Mongolia has 4 distinctive seasons and is geographically the farthest country from any sea. Hence, its continental weather is very difficult to predict. Its distance from the ocean ensures a very dry climate where you hardly sweat, even on the hottest days. The main travel season starts in late spring from the end of May and lasts until Autumn, somewhere around the beginning to the middle of October.
Summer is the season to prosper for Mongolian nomads as rivers and grasslands are at its peak. Nomads spend the summer days milking and making dairy products in flourishing meadows. The Naadam Festival, Mongolia’s biggest traditional holiday, featuring archery, wrestling and horse race, takes place in July. During the summer months, the temperature is comfortable during the day while the nights might be slightly chilly. Although the summer is the rainy season in Mongolia, the country enjoys relatively low levels of precipitation. Even on rainy days, you would usually see several light showers, and your trip shouldn’t be adversely affected by rainfall.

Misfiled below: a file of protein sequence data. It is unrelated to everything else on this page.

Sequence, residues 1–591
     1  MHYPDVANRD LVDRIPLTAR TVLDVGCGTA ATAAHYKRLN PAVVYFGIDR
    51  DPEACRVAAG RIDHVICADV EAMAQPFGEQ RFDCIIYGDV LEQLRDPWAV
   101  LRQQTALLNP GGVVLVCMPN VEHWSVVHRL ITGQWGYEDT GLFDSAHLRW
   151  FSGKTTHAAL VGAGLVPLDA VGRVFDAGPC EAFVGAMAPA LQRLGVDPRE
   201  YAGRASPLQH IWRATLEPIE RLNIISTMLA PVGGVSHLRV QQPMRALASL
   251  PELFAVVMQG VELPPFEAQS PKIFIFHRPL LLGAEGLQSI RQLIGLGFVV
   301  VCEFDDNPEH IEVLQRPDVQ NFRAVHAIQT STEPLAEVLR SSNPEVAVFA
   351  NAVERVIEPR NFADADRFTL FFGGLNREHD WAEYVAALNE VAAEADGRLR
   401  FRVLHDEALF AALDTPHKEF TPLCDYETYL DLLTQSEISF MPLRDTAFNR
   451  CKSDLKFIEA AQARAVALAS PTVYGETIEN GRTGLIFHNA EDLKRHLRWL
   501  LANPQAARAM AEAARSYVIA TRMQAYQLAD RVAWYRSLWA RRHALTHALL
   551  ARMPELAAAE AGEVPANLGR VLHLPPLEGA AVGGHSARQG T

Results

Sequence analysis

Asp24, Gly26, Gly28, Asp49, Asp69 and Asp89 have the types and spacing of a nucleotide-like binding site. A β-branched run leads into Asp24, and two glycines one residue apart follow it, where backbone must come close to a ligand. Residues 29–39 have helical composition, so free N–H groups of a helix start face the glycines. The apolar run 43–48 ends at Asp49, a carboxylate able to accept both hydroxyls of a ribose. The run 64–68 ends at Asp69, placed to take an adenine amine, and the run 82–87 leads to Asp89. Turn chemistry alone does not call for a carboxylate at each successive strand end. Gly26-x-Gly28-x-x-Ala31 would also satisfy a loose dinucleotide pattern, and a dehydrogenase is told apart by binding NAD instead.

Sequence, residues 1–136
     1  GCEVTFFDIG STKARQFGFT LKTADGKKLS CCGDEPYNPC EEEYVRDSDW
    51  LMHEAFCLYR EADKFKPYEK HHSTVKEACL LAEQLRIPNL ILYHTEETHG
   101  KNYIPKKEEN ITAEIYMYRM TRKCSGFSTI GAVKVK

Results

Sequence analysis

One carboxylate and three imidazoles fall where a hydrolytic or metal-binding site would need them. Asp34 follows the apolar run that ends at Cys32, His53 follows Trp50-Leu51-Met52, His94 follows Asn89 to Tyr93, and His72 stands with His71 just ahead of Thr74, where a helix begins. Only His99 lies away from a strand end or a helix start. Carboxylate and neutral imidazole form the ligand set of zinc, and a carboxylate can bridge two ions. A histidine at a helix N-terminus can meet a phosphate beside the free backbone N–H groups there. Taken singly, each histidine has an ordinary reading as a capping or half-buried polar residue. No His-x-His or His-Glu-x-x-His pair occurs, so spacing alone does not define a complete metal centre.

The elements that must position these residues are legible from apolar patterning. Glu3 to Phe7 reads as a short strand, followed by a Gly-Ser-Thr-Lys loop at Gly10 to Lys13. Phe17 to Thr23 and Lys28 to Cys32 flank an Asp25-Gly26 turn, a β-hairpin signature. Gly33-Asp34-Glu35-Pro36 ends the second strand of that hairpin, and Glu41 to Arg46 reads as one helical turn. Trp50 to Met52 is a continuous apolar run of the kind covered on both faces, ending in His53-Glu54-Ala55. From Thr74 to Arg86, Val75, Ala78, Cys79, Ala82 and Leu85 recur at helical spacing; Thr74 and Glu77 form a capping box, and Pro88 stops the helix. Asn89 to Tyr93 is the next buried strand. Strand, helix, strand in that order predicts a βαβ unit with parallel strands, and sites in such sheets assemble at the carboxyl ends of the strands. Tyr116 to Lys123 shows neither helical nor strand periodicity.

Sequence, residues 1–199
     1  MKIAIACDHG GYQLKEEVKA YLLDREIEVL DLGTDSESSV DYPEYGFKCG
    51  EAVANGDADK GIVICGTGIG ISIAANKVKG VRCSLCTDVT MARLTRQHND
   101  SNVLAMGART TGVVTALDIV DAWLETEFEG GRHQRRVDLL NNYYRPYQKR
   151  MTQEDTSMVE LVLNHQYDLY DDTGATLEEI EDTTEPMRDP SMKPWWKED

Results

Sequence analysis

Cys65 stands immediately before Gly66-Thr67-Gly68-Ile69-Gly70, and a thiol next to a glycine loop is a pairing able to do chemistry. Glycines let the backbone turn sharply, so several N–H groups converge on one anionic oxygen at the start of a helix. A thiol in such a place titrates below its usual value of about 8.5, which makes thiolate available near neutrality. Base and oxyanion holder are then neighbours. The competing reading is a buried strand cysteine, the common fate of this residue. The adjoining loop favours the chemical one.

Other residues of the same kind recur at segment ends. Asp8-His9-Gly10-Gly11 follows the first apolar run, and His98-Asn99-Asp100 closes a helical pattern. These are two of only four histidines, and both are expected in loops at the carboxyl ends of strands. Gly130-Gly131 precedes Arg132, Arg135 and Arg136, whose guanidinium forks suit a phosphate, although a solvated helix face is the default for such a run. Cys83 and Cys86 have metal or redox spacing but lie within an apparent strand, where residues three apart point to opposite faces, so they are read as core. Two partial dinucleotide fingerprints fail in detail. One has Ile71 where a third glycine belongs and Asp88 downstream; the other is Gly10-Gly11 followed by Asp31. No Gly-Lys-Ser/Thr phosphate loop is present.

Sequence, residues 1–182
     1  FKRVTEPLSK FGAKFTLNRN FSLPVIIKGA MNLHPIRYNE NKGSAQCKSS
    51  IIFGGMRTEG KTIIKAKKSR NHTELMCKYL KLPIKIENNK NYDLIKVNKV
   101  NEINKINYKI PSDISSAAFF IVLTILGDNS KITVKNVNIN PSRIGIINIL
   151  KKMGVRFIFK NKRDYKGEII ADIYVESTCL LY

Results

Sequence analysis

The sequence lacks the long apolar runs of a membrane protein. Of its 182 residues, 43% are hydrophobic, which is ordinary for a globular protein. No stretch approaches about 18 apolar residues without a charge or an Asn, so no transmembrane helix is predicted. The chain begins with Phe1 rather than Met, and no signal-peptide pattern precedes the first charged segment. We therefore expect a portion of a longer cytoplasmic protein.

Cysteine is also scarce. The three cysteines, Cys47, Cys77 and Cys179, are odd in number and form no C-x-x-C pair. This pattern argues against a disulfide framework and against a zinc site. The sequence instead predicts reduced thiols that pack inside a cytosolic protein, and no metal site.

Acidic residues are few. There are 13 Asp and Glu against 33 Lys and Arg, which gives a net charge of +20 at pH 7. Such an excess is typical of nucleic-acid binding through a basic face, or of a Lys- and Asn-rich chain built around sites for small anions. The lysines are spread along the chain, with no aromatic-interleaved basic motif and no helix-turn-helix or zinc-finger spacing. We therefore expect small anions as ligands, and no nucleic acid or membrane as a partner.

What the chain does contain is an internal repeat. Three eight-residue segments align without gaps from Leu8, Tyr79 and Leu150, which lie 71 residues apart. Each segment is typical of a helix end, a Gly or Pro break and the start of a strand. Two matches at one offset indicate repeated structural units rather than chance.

The golden season offers wonderful foliage, and a good chance of catching sight of the nomads moving from summer to autumn pastures. This time of the year nomads have much to prepare hay, heating materials and ger insulation etc for the coming winter. The Golden Eagle festival in Western Mongolia is the highlight of the season. During this time Mongolian lakes are one of the best places to observe a great variety of waterfowl as they migrate out of Siberia.
The winter months, when temperatures dip well below -30°C (-22°F) and all the rivers and lakes freeze, Mongolia has much to offer. In the heart of winter, Mongolians celebrate their traditional Lunar New Year Festival. Traveling through Mongolia during the winter months is not an easy task but is well worth it. If well prepared you are in paradise, though a very cold one. The most thrilling trip in the winter is going on eagle hunting with Kazakhs in the Altai mountains.
Mongolian spring comes after a long winter and days become longer and warmer. It's the busiest time of the year for herders who constantly follow their livestock and collect the newborns from pasture lands. A great chance for a traveler to experience and witness nomadic lifestyle in-person. Another two unique festivals take place during this time - The Ice Festival at Lake Khuvsgul, and The Thousand Camels Festival in the Gobi Desert.
Keep in mind that Mongolia enjoys over 250 days of sunshine in a year. Only in Mongolia, you can truly experience the nomadic culture that lifestyle had not really changed from the past. Mongolian people have a big and warm heart like their vast steppes. Any season you choose to come to Mongolia, we would make sure your experience would be the best!